History[edit]

Interior during an exhibition basketball game against Cal Poly Pomona

USC had planned to build an on-campus indoor arena for more than 100 years. Before the Galen Center, USC basketball had been played at a variety of locations, including the neighboring Shrine Auditorium stage, the old Pan-Pacific Auditorium in the Fairfax District, and since 1959 at the Los Angeles Memorial Sports Arena.

The final push to build the new facility began in 2002, when Louis Galen, a successful banker and longtime Trojan fan, and his wife Helene donated $10 million to the new center immediately after USC football quarterback Carson Palmer won the 2002 Heisman Trophy. The Galens donated an additional $25 million to the project to have the building named after them and later upped their donation an additional $15 million to make sure that a connected practice facility would also bear their name, bringing the total donation to $50 million. Previously, the USC men's and women's basketball teams practiced at the smaller, on-campus North Gym. The Galen Center replaced the Los Angeles Memorial Sports Arena as the home for USC men's and women's basketball.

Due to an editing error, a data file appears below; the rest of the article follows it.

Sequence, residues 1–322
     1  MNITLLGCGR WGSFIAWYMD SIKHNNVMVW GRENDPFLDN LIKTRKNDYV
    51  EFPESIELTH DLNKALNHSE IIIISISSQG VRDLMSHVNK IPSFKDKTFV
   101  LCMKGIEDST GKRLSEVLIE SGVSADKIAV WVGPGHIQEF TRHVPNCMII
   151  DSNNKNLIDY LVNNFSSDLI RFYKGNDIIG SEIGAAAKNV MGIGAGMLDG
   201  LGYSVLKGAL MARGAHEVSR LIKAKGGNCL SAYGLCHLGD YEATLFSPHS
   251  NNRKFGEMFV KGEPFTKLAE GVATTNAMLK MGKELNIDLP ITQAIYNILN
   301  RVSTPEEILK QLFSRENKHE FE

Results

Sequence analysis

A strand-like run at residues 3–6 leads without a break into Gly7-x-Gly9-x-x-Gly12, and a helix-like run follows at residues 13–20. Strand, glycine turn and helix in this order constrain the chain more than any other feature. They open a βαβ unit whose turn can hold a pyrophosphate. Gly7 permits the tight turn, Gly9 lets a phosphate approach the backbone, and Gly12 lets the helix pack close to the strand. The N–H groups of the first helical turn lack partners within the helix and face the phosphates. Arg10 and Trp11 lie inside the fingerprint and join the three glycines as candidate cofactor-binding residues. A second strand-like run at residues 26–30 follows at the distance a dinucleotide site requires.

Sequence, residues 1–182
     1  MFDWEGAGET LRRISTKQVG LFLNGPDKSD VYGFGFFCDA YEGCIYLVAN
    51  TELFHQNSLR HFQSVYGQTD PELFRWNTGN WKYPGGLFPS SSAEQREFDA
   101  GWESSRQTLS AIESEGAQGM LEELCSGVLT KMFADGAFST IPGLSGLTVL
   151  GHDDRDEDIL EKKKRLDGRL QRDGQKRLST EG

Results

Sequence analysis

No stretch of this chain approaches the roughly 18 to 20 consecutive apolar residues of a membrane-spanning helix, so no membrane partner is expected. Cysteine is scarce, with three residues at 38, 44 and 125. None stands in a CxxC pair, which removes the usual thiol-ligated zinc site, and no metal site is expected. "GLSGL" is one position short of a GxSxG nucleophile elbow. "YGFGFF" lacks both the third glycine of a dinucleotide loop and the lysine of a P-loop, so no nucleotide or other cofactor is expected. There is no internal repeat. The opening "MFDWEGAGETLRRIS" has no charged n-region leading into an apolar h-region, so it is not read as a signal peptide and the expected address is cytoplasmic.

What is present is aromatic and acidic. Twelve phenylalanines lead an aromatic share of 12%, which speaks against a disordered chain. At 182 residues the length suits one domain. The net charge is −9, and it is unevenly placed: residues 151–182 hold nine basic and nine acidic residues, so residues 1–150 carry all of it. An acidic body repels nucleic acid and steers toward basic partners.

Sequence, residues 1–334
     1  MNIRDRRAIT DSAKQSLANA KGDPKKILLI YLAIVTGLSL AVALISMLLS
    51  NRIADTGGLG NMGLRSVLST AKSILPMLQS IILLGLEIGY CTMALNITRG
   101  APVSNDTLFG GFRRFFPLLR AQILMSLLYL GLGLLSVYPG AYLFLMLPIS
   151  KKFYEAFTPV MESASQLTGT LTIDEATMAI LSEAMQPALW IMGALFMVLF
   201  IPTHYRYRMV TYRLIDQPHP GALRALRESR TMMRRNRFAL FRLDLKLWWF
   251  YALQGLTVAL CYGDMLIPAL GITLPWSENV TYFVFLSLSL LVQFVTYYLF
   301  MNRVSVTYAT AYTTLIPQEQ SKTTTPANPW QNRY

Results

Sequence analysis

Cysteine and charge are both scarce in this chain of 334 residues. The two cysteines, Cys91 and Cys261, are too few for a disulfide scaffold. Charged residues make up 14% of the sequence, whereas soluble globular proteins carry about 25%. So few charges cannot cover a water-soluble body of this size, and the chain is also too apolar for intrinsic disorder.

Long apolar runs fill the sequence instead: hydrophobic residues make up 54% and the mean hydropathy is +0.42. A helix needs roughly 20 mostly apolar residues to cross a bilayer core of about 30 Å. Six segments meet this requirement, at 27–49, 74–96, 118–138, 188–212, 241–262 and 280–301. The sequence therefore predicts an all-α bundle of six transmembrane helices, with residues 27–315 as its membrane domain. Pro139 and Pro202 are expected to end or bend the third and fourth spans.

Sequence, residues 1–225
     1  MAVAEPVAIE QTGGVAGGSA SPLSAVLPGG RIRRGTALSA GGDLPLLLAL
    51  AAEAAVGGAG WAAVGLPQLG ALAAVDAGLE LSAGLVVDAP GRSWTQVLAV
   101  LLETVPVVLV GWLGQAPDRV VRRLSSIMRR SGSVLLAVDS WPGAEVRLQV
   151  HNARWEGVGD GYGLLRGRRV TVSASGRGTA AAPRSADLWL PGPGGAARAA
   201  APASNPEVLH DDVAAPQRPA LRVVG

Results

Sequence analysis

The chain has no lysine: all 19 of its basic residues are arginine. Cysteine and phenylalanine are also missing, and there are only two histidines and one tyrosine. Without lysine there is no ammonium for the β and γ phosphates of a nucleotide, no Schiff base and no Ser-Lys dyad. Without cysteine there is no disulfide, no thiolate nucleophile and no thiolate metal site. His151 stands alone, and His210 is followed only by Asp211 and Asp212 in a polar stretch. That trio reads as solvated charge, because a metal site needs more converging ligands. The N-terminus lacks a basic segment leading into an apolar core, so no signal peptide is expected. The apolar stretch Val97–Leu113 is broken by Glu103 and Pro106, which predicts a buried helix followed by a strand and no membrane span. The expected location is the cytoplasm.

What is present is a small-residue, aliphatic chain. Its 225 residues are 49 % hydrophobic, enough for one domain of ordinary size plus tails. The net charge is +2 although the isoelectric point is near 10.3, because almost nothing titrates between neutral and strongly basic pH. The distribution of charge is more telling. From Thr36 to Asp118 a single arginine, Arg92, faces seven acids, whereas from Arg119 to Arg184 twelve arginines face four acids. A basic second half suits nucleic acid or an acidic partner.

Galen Center construction cost an estimated $147 million, which includes the arena, team offices, and a state-of-the-art practice facility. The largest tax revenue would be generated by the city of Los Angeles' 10 percent parking tax. Other sources of tax revenue will include sales tax, utility users tax, business license tax, and income from advertising. In addition, two new parking structures were built: a 1,200-space structure located between the Radisson Hotel and the arena, with access from Flower Street, and a second structure at the southeast corner of Figueroa Street and Exposition Boulevard. The additional parking structures also increased the available parking for both the USC campus and the nearby Los Angeles Memorial Coliseum.